Commentary

KG makes all the difference

With Kevin Garnett, Celtics' mindset, performance is greatly improved

Updated: April 8, 2013, 12:00 AM ET
By Chris Forsberg | ESPNBoston.com

BOSTON -- As Boston Celtics coach Doc Rivers settled in behind the podium for his postgame press conference, he let out a sigh and offered to no one in particular, "That was better."

Yup, it's a wonder what Kevin Garnett can do for your basketball team.

Sidelined for eight games due to left ankle inflammation, Garnett returned Sunday night against the Washington Wizards and helped Boston to a 107-96 triumph at TD Garden.

[+] EnlargeKevin Garnett
Brian Babineau/NBAE/Getty ImagesKevin Garnett's stat line didn't dazzle, but his presence on defense is undeniable.

His stat line won't overwhelm, as Garnett finished with 12 points on 6-of-9 shooting to go along with 6 rebounds, 3 assists and 2 steals over a manageable 24 minutes of floor time.

But Garnett's mere presence on the floor made Boston a much different team, particularly on the defensive end, where he was so sorely missed.

In the eight games Garnett sat out, Boston posted a defensive rating (points per 100 possessions) of 103.4 -- about 3½ points above their season average. On Sunday night, in the 24 minutes Garnett was on the floor, Boston's defensive rating plummeted to 84.7.

Eighty-four point seven!

Sure, the Wizards' offense has a way of making opposing defenses look good, but Washington shot 39 percent when Garnett was on the floor and rarely wandered near the hoop with him patrolling. Allow Avery Bradley to gush about what Garnett's presence means to the Celtics.

"Kevin's presence on the floor -- I love playing with Kevin, man," Bradley said. "He just, his intensity, he makes everything easier on everybody. He talks the whole game. I love playing with him."

The Celtics simply possessed a different swagger Sunday, both on the court and in the locker room. Players were looser on and off the floor, and it all stems from having No. 5 back in action.

Getting Paul Pierce back after a one-game absence from a sore right ankle didn't hurt, either. For the first time this season, the Celtics were able to trot out their preferred starting lineup with Garnett and Pierce next to Bradley, Jeff Green and Brandon Bass. That five-man unit was plus-7 in plus/minus over a team-high 10 minutes of court time, an encouraging start for a group that had logged only 13 minutes together coming into the game.

Most encouraging for that unit was that it posted a defensive rating of 77.8 and hit the defensive glass hard. Not surprisingly, that's the hallmark of Garnett-led lineups.

The trickle-down effect of Garnett's return saw Boston's bench provide super efficient output in shorter minutes, highlighted by the big man combo of Shavlik Randolph and Chris Wilcox pairing up for 21 points on 8-of-9 shooting with 12 rebounds in 35 minutes.

The Celtics blew the game open in the third quarter, building an 18-point lead that should have had Gino dancing on the JumboTron (cementing Garnett's celebratory comeback), but Pierce and Garnett had to check back in for a three-minute stretch to slam the door.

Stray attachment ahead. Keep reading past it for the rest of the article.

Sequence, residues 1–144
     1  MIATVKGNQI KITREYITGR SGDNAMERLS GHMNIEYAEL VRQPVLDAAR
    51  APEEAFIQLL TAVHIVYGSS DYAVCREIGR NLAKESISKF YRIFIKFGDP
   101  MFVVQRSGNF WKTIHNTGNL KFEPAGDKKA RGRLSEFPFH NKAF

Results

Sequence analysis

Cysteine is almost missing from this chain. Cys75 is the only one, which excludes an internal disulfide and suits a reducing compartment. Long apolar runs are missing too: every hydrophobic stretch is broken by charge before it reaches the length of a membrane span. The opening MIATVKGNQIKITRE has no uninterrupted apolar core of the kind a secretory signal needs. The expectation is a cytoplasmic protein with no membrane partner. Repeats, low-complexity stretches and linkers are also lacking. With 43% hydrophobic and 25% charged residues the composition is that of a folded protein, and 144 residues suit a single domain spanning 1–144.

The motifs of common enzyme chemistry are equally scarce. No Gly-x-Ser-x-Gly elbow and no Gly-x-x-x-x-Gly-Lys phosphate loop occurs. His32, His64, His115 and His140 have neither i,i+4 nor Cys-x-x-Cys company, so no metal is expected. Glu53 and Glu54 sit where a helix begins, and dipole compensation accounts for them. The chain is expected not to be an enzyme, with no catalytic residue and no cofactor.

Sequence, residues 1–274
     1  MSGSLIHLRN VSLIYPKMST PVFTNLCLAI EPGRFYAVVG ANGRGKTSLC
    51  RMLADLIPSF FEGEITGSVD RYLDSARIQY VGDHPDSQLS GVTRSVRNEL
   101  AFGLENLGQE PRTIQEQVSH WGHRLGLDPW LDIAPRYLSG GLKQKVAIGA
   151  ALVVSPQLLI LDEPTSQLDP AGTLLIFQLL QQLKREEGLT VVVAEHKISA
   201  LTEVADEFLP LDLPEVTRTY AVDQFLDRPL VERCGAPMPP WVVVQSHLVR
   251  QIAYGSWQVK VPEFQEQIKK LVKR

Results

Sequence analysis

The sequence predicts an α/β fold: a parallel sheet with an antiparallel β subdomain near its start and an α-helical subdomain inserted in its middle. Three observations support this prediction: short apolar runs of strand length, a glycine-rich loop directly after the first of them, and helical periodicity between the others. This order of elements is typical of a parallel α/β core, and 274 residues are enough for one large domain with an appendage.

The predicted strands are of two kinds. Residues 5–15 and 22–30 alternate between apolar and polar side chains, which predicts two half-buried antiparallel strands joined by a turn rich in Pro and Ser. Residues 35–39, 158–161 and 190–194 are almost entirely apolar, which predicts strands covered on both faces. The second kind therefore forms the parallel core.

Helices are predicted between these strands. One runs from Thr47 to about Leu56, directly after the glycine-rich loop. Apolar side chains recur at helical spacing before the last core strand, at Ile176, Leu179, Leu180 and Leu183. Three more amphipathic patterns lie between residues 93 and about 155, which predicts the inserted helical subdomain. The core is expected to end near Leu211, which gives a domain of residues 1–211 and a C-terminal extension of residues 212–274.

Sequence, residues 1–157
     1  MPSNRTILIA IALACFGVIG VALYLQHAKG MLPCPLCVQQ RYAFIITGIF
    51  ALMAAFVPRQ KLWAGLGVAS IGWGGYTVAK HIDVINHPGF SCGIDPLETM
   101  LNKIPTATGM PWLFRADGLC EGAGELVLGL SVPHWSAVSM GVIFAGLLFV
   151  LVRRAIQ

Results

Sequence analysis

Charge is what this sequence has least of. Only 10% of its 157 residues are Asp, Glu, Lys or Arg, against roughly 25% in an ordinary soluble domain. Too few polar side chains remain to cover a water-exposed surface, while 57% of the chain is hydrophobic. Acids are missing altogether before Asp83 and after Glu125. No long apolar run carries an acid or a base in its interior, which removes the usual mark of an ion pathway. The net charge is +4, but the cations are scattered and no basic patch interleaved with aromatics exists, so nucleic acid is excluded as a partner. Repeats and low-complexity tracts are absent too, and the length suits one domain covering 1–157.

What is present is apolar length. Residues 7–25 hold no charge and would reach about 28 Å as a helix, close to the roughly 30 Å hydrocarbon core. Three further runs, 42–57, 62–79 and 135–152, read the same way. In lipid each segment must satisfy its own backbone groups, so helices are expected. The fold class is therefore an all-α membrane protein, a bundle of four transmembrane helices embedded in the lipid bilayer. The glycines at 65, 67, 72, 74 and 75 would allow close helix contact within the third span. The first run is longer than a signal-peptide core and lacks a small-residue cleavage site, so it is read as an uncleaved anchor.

But that only served to spotlight their value. That's a nice luxury that Rivers has missed dearly. Pierce liked what he saw from his team on Sunday.

"I feel good because I know when we're all out there, and we're on, we're as tough as anybody in the East to beat, especially with Kevin's presence," Pierce said. "We're not going anywhere without Kevin's presence, just to be honest with you.

"He 's a big part of what we try to do out there on offense and defense. We play through him a lot. He anchors the defense. It's going to be important for him in these last few games just to kind of get his legs back and get going."

Even as Garnett eases himself back in, it's impossible to ignore his impact.

"Big difference," Bass said. "His talk game, everybody has a little more faith, the guards have more faith with him back there. It means a lot for him to be on the court with us."

Garnett exhibited few signs of rust from a two-week absence. Rivers kept his shifts brief while stretching out his lungs, but even the coach noted, "I thought he was really good. I was surprised how well he was running."

"I felt OK," Garnett said. "I felt strong enough to play and I thought I did decent in my minutes. I picked and chose when I was aggressive, did the things I typically do. That was it.

"I told Ed [trainer Ed Lacerte] that if I felt like I couldn't go, then I wouldn't push myself, but Doc has a lot of trust in what I'm doing, so we're on the same page with where I'm at. So, so far so good."

Garnett heaped praise on the players who stepped up in his absence and stressed the need for the team to restore its chemistry over the final six games before the postseason arrives.

But when it does, Garnett has all sorts of confidence in this group. The sort of confidence his teammates have again now that he's back.

"I know what I have in here," Garnett said. "I know who's willing to fight and who's not going to lay down. I'll take a bunch of fighters over some skilled people any day."

Did seeing the full group on the floor excite Garnett?

"It feels good to be on the floor, period," he said.

Not a single person in that locker room would argue with him.

Statistical support for this post provided by NBA.com.

Chris Forsberg

Celtics reporter, ESPNBoston.com

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